Radford Animal Control placing chips in adopted animals

Proud new owner Dez McDaniel, himself once a shelter supervisor, accepts a new black cat to take home and love from Adele Katrovitz, the current animal control office for Radford. McDaniel's cat, like all pets adopted from the Radford Animal Shelter, has a microchip that makes her easier to track. (Photo by Pat Brown)
Proud new owner Dez McDaniel, himself once a shelter supervisor, accepts a new black cat to take home and love from Adele Katrovitz, the current animal control office for Radford. McDaniel’s cat, like all pets adopted from the Radford Animal Shelter, has a microchip that makes her easier to track. (Photo by Pat Brown)

RADFORD — Desmond “Dez” McDaniel finally decided the only way he could stop mourning a cat that died two month ago was to get another one. He headed straight to the Radford Animal Shelter on 110 Pulaski St.

By the time he left, his shiny new black cat had received a shot to ward off feline diseases, a month of free pet insurance and a hypodermic microchip, all for just $25.

The microchip “is definite proof of ownership,” said Adele Katrovitz, who celebrated her fifth year of service as Radford’s Animal Control Officer on Dec. 21.

She’s been injecting microchips into animals since she taught animal health and welfare to “workers at animal collection points” in England, her home country. She worked in animal control in Hampton Roads before moving to the New River Valley.

“But I had not encountered one animal with a microchip,” since she arrived in this area until she began installing them, Katrovitz said. The animal shelter already had a scanner for detecting microchips when she arrived, but time after time, she checked stray dogs and cats, only to find that none of them had identifying microchips.

Shelter worker Olivia Atwood holds Desmond McDaniel's kitty after shelter manager Adele Katrovitz installs a microchip "at the scruff of the neck" and then comforts the kitten. microchips make lost animals much easier to locate. (Photo by Pat Brown)
Shelter worker Olivia Atwood holds Desmond McDaniel’s kitty after shelter manager Adele Katrovitz installs a microchip “at the scruff of the neck” and then comforts the kitten. microchips make lost animals much easier to locate. (Photo by Pat Brown)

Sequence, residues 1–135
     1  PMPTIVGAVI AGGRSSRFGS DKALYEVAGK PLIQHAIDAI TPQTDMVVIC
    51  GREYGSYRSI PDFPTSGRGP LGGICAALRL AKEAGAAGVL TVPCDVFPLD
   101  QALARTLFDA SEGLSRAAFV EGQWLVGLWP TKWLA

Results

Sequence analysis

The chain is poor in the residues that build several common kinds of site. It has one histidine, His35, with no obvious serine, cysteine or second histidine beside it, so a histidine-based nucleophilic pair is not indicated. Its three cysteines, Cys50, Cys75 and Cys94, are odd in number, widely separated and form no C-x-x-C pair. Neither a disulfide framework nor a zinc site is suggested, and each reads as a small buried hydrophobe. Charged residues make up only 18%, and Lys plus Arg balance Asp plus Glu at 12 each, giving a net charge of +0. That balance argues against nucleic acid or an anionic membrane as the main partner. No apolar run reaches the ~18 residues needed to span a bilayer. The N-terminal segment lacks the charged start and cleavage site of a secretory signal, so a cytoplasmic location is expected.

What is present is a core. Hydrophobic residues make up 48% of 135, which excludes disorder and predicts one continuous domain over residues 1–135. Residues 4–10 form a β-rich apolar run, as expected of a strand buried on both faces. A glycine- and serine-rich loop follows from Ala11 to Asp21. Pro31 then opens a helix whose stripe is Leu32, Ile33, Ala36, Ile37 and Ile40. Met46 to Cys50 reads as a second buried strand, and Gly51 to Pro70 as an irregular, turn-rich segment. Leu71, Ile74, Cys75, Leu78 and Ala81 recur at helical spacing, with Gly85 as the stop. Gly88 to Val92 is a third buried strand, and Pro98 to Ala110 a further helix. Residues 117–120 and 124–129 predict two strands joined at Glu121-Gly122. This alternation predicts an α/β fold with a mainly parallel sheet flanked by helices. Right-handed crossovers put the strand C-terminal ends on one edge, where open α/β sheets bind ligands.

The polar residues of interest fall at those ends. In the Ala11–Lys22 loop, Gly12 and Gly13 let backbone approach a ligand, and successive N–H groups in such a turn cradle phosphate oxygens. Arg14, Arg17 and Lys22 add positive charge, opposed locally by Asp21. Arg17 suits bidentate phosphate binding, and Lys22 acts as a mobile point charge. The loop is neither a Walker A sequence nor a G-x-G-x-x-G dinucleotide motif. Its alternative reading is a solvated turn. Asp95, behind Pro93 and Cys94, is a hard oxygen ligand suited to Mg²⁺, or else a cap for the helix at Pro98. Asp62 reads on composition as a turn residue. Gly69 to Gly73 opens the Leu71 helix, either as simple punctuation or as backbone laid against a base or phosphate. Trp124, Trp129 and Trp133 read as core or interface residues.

Now at Radford’s shelter, each adopting pet owner gets an animal already equipped with a microchip. With shelter worker Olivia Atwood holding the kitten, McDaniel’s new pet did not squirm any more when her microchip was installed than she did for her shot.

Katrovitz keeps a supply of sterile microchip syringes already loaded with a microchip the size of a kernel of long-grain rice. Each package has a barcode printed on a tag that attaches to the animal’s collar. The same barcode appears on a form the owner fills out to register the pet with a private company.

“The microchip is not any good unless you register it,” Katrovitz warned.

At a recent microchip drive at Radford Fire Station, Dr. Emily Lawrence of West End Animal Clinic installed 56 microchips in local animals at a cost of only $10 each. “Our cost,” Katrovitz said.

When she worked in Hampton Roads, Katrovitz said she heard of one pet owner who got her microchipped pet back—after it had been missing seven years.

“Every vet clinic and shelter has a scanner,” she explained.

The Radford Animal Shelter takes in all sorts of pets: birds, snakes, lizards, fish and, of course, cats and dogs.

Animal adopters fill out a form and receive a wallet card that verifies their new pet's identity when they adopt a pet from the Radford Animal Shelter. The microchip (pictured) resembles a long grain of rice and is injected with a sterile syringe. Owners register their pets' bar codes with a private company. (Photo by Pat Brown)
Animal adopters fill out a form and receive a wallet card that verifies their new pet’s identity when they adopt a pet from the Radford Animal Shelter. The microchip (pictured) resembles a long grain of rice and is injected with a sterile syringe. Owners register their pets’ bar codes with a private company. (Photo by Pat Brown)

“People are very, very bad about not claiming their cats,” Katrovitz said.

Of the 177 cats she has sheltered in 2015, only 11 were reclaimed by owners. “We really need to promote more responsible cat ownership,” she said.

When McDaniel showed up, he realized he had met Katrovitz in the past. McDaniel served as Radford’s animal control officer for approximately 40 years. He visited the shelter a couple years ago just to see how things had changed.

Referring to Booger, his deceased cat, McDaniel said, “I missed that cat something awful. She was on my mind all the time.”

Now McDaniel has a six-year-old black poodle named Inky and a brand new black cat. What will he name it? “I’ll have to consult with my wife about that,” he said.

McDaniel will have to get his new cat spayed by the end of January to comply with shelter requirements. And Katrovitz asked one more thing: to have his picture made with his new kitty so she can post it on the shelter’s Facebook page.

Katrovitz praised Radford residents for coming to her aid when flooding threatened the shelter last fall.

“I put the word out on Facebook,” she said, since she needed temporary homes for animals that were being held in the shelter. “In six hours we were empty.”

— Written by Pat Brown

To donate, volunteer or adopt, contact the Radford Animal Shelter by calling 731-3688 or by visiting its Facebook page.

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